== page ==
in my humble opinion

Tennis, anyone? 

Posted 10/24/23

“It was bound to happen” the doctor said, as I sat down with him following a somewhat painful examination. “You know,” he continued with a wink, “being the natural …

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in my humble opinion

Tennis, anyone? 


“It was bound to happen” the doctor said, as I sat down with him following a somewhat painful examination. “You know,” he continued with a wink, “being the natural athlete that you are.”

I threw him a quizzical glance, followed by what could be considered a sneer. “What on earth are you talking about?” I asked. “You know very well that the closest I come to sports is tossing the ball around with That Dog Named Gidget, and at present, doing that hurts like H.E. Double hockey sticks. C’mon doc,” I pleaded. “You’re killin’ me. Spill it.”

He put down the thingamabob that he was using to boink my elbow, wrist and arm with, and got serious for a minute. “Have you ever heard of ‘tennis elbow’?”

I had, of course, but I’ve heard of a lot of things. That doesn’t mean I actually know anything. 

“Tennis elbow, also known as lateral epicondylitis,” he said, “is a condition that can result from overuse of the muscles and tendons in the elbow. Tennis elbow is often linked to repeated motions of the wrist and arm.”

“And what exactly does that have to do with me?” I asked, still wincing from the little rubber mallet thingy he had tapped me with.

Quoting the fine folks at the Mayo Clinic, he read these words to me: “Despite its name, most people who get tennis elbow don’t play tennis. Some people have jobs that involve repeated movements that can lead to tennis elbow. These include plumbers, painters, carpenters and butchers. However, often tennis elbow has no clear cause.”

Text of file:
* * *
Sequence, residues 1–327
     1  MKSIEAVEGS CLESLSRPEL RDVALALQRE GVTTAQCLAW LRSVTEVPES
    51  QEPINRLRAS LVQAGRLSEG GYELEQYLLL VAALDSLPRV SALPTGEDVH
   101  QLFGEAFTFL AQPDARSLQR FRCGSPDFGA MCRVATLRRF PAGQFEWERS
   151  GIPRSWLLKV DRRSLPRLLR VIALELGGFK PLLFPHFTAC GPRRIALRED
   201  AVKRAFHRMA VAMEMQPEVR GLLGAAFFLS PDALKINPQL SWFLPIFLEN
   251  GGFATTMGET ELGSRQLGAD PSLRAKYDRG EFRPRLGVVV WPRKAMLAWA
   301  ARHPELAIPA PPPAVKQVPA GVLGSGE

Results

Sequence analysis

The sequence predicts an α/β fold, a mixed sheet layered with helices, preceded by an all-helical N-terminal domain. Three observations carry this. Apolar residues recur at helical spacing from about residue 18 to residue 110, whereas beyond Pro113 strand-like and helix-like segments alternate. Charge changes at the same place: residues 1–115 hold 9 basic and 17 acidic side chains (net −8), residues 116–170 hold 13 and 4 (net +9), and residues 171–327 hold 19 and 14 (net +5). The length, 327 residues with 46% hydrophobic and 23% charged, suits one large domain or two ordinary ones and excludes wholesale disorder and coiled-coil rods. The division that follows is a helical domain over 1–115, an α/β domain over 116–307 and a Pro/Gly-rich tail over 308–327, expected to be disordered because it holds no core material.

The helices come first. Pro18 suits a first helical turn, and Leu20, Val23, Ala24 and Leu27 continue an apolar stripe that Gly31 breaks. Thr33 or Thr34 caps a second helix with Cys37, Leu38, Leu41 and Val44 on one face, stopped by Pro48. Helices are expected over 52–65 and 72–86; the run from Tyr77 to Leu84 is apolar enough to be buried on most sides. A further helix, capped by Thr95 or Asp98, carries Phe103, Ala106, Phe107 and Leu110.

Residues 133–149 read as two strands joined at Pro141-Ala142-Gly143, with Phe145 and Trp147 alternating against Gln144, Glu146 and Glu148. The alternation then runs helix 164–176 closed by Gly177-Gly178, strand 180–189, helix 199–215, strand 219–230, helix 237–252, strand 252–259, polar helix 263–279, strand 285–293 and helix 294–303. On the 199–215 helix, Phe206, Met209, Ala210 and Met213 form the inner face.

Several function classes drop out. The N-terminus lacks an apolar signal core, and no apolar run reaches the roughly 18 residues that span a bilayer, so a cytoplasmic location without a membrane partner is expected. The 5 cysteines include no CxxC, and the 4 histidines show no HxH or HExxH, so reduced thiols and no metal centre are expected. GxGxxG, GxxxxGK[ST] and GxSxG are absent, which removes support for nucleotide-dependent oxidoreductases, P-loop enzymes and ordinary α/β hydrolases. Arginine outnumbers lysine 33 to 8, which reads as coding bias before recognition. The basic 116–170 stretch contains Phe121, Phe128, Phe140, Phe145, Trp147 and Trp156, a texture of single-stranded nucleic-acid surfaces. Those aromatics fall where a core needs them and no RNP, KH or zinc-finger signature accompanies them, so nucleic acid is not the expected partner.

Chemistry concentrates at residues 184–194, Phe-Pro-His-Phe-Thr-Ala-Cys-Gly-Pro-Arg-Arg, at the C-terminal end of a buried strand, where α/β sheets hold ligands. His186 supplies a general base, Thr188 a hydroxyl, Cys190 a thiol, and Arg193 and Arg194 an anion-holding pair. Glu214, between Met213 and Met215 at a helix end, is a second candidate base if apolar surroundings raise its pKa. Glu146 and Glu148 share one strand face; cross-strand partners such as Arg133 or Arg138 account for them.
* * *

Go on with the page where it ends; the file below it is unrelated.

“So I’m guessing typing, texting and using the computer mouse fall under the miscellaneous category,” he said. “It’s like writer’s cramp, but excruciating, and seemingly never-ending,” he said with another smirk. “I’m guessing using your camera day in and day out isn’t helping either. You might want to lay off all of those things for a while.”

Having just spent days snapping, snapping, snapping the unbelievable, surprising burst of fall foliage that we’ve seen in the Upper Delaware River region, I reflected (pun intended) on that for a moment.

“You might want to take it easy for a little while. Let your arm rest. Otherwise, well…” his sentence drifted off, but I got the drift anyhow, since I had used the Google while he looked at the X-ray images.

“Rest, pain medicines and physical therapy often help relieve tennis elbow,” it stated matter-of-factly. “People for whom these treatments don’t help or who have symptoms that get in the way of daily living might have a procedure, such as a shot or surgery.” Oy.

Not caring for a few of those options, I’m attaching some photos of the gorgeous-but-fleeting fall foliage here, since by the time this hits the newsstands, it’ll be a faded memory. Meanwhile, I’m heeding Dr. Know-it-all’s advice and planning to not type, text, mouse, or pick up the camera for a day or two, although according to him, it’s “gonna take more than that.” 

We’ll see. “No rest for the wicked,” my mother would say, wagging a lacquered nail in my direction. “Suck it up, buttercup, stop whining.” Sure, Mom, I’ll get right on that. Ouch.

Fun fact: “Tennis anyone?” is an expression of indifference to matters beyond or outside of one’s own sphere of concerns. The phrase was popularized in plays in the early 20th century as a jab at the aristocracy and upper class who cared little or not at all for the problems (such as mine) afflicting those in social classes beneath them. 

fall foliage, tennis elbow, That Dog Named Gidget


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